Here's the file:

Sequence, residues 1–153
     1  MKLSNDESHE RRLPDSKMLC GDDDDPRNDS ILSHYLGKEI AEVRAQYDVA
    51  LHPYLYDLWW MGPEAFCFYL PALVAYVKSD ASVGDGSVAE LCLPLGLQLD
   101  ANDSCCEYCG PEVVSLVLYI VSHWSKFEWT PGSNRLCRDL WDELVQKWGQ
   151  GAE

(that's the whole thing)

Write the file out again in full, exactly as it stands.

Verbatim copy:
Sequence, residues 1–153
     1  MKLSNDESHE RRLPDSKMLC GDDDDPRNDS ILSHYLGKEI AEVRAQYDVA
    51  LHPYLYDLWW MGPEAFCFYL PALVAYVKSD ASVGDGSVAE LCLPLGLQLD
   101  ANDSCCEYCG PEVVSLVLYI VSHWSKFEWT PGSNRLCRDL WDELVQKWGQ
   151  GAE